Sections

Queens man convicted of defying S. Korea law

Share on TwitterTweet
Share on Facebook
Subscribe

Get our stories in your inbox, free.

Like TimesLedger on Facebook.

A Rockaway man who had been held in South Korea since February on charges he violated the country’s national security law by supporting the publication of a controversial book was convicted last week and sentenced to three years probation, a spokeswoman for the U.S. State Department said Friday.

Sam Song, a 56-year-old man who is a naturalized U.S. citizen and opened a chapter of a political club in Flushing, was found guilty by a judge in Seoul, South Korea, of three counts of violating the country’s law, said the spokeswoman, Karolina Walkin.

Since February, Song had been held in Seoul after traveling there to testify on behalf of a Japanese man who published a book supporting the reunification of the Koreas, which have been separated since 1948. In particular, the book supported a plan embraced by North Korean President Kim Il Jung.

It was not clear whether Song’s sentence would have to be carried out in South Korea, Walkin said.

Another State Department official, Valerie Chittenden, said Monday that post-trial procedures were still underway in South Korea.

Chittenden said she was under the impression that South Korea was considering allowing Song to return to the United States, but she could not say for sure what the country will decide.

Song’s daughter, Ann, said Monday her family is expecting Song to come home Sunday if all goes well. He calls every week from South Korea and seems to be doing fine, she said.

“I kind of think it’s not his fault,” Ann Song said. “All he did was say ‘this is a good book.’”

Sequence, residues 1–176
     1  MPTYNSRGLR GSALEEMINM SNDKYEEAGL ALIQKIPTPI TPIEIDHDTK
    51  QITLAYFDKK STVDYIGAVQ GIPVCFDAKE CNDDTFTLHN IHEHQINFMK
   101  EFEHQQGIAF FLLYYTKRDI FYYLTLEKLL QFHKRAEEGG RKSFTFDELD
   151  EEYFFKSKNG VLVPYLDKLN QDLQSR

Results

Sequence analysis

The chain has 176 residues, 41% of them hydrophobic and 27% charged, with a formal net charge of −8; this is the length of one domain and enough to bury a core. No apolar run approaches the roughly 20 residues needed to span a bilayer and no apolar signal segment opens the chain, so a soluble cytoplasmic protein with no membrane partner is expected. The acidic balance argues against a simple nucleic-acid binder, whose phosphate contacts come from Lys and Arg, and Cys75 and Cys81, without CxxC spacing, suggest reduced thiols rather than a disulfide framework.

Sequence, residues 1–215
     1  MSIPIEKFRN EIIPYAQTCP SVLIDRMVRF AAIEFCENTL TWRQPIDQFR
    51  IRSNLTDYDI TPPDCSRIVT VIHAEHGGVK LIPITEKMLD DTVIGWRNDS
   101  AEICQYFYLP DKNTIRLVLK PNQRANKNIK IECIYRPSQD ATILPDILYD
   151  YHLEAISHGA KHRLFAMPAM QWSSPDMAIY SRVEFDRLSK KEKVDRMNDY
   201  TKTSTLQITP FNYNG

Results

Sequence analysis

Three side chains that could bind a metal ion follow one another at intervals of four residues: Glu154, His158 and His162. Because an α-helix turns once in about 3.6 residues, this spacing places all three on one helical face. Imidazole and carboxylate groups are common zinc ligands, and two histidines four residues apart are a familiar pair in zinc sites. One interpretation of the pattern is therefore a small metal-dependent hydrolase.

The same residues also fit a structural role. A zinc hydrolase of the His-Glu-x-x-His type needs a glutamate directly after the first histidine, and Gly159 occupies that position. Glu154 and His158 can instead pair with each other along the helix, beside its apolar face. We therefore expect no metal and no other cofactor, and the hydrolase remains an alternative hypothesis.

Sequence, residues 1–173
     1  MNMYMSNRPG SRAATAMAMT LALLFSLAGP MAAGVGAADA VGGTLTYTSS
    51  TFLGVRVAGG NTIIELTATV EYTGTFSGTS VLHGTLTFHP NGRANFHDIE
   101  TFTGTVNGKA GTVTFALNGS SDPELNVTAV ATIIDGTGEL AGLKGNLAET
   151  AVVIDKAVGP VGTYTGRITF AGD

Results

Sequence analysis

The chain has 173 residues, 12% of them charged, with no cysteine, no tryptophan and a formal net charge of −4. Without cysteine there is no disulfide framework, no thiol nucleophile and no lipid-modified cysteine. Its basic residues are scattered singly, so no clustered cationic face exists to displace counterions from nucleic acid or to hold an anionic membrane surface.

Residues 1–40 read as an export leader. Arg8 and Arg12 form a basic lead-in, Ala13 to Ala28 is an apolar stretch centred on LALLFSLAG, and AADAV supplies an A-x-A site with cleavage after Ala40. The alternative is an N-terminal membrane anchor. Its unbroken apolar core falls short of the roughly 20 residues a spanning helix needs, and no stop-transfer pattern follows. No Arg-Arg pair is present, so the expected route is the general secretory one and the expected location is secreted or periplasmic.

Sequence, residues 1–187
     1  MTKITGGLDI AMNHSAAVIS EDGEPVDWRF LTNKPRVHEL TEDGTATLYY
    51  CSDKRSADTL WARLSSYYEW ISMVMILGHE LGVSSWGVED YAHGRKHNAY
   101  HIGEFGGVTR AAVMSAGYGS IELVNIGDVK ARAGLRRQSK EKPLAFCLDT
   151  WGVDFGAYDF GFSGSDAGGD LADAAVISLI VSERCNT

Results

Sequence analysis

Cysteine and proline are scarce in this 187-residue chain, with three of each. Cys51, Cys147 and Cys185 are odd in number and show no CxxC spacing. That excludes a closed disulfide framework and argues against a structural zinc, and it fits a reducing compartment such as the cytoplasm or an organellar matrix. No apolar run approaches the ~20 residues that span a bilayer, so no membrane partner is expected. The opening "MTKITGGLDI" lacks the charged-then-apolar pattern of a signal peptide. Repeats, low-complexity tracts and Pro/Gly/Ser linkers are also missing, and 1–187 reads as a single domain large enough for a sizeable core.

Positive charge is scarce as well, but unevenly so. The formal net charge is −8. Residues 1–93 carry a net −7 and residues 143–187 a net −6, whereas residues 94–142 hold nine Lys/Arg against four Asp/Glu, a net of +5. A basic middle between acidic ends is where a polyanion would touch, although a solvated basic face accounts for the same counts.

Reported first by the Korean Times in February, Song’s case had attracted growing attention from elected officials like U.S. Rep. Gary Ackerman (D-Bayside) and U.S. Sen. Charles Schumer (D-N.Y.) after learning of Song’s arrest on Feb. 26 when he testified at a trial on behalf of the publisher.

In April, an indictment was handed up charging Song with two counts of violating the national security of law of South Korea. The first involved his support of the book, “Kim Il-Jung’s Strategy for Reunificat­ion,” while the second stemmed from his traveling to North Korea to visit his younger brother. Song’s daughter, Sarah, said in an earlier interview that the South Korean government thought he was a spy.

Throughout his trial, Song was released on bail and lived with his older brother in Seoul. The couple owns a card-and-gift shop in Brooklyn, Sarah said.

Reach reporter Chris Fuchs by e-mail at Timesledgr@aol.com or call 229-0300, Ext. 156.

Posted 7:16 pm, October 10, 2011
Today’s news:
Share on TwitterTweet
Share on Facebook
Subscribe

Get our stories in your inbox, free.

Like TimesLedger on Facebook.

Reader feedback

Enter your comment below

By submitting this comment, you agree to the following terms:

You agree that you, and not TimesLedger.com or its affiliates, are fully responsible for the content that you post. You agree not to post any abusive, obscene, vulgar, slanderous, hateful, threatening or sexually-oriented material or any material that may violate applicable law; doing so may lead to the removal of your post and to your being permanently banned from posting to the site. You grant to TimesLedger.com the royalty-free, irrevocable, perpetual and fully sublicensable license to use, reproduce, modify, adapt, publish, translate, create derivative works from, distribute, perform and display such content in whole or in part world-wide and to incorporate it in other works in any form, media or technology now known or later developed.

CNG: Community Newspaper Group